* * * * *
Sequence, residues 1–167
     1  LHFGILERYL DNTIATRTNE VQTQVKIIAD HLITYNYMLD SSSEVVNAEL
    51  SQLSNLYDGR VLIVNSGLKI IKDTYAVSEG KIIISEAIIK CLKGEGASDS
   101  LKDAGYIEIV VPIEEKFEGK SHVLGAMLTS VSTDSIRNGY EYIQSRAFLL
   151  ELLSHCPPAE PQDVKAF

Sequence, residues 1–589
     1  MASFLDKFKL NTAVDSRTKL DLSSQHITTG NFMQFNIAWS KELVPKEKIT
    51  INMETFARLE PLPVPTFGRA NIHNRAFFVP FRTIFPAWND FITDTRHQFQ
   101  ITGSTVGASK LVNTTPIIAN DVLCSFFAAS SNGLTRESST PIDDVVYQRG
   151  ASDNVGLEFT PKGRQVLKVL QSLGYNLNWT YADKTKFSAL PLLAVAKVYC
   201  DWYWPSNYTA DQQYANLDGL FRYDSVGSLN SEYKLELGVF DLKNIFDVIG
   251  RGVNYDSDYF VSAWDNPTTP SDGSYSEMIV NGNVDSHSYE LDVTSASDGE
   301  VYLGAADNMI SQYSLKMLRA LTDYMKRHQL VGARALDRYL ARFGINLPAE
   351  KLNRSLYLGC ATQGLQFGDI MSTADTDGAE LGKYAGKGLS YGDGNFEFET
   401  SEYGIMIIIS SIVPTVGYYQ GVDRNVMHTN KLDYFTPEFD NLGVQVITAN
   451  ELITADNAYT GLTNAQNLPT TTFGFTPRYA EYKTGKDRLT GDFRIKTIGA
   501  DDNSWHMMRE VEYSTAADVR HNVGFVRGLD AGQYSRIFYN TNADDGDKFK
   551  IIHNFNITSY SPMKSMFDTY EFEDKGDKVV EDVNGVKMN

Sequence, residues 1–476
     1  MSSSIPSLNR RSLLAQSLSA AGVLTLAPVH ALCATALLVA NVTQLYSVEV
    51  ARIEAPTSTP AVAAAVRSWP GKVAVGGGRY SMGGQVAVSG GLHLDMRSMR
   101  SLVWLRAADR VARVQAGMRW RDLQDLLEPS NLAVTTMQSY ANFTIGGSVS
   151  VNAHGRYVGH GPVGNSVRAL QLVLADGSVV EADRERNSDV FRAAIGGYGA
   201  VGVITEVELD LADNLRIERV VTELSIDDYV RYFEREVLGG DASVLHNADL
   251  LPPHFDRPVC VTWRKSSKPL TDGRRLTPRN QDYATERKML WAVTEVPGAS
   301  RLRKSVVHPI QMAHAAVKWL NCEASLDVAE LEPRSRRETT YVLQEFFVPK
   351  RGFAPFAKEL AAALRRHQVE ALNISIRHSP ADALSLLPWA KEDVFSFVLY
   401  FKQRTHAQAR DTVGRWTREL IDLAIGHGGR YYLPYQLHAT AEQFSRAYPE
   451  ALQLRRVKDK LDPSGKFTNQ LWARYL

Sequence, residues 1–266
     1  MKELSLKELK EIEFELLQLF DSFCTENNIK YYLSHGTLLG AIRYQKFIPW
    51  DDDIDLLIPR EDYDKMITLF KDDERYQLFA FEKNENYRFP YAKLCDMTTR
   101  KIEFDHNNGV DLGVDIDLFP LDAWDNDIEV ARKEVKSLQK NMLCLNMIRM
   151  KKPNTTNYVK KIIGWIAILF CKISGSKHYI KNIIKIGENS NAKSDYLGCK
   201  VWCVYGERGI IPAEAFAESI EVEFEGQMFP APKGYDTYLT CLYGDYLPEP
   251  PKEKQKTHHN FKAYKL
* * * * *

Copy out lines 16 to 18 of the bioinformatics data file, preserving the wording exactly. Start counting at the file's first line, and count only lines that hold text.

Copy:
   451  ELITADNAYT GLTNAQNLPT TTFGFTPRYA EYKTGKDRLT GDFRIKTIGA
   501  DDNSWHMMRE VEYSTAADVR HNVGFVRGLD AGQYSRIFYN TNADDGDKFK
   551  IIHNFNITSY SPMKSMFDTY EFEDKGDKVV EDVNGVKMN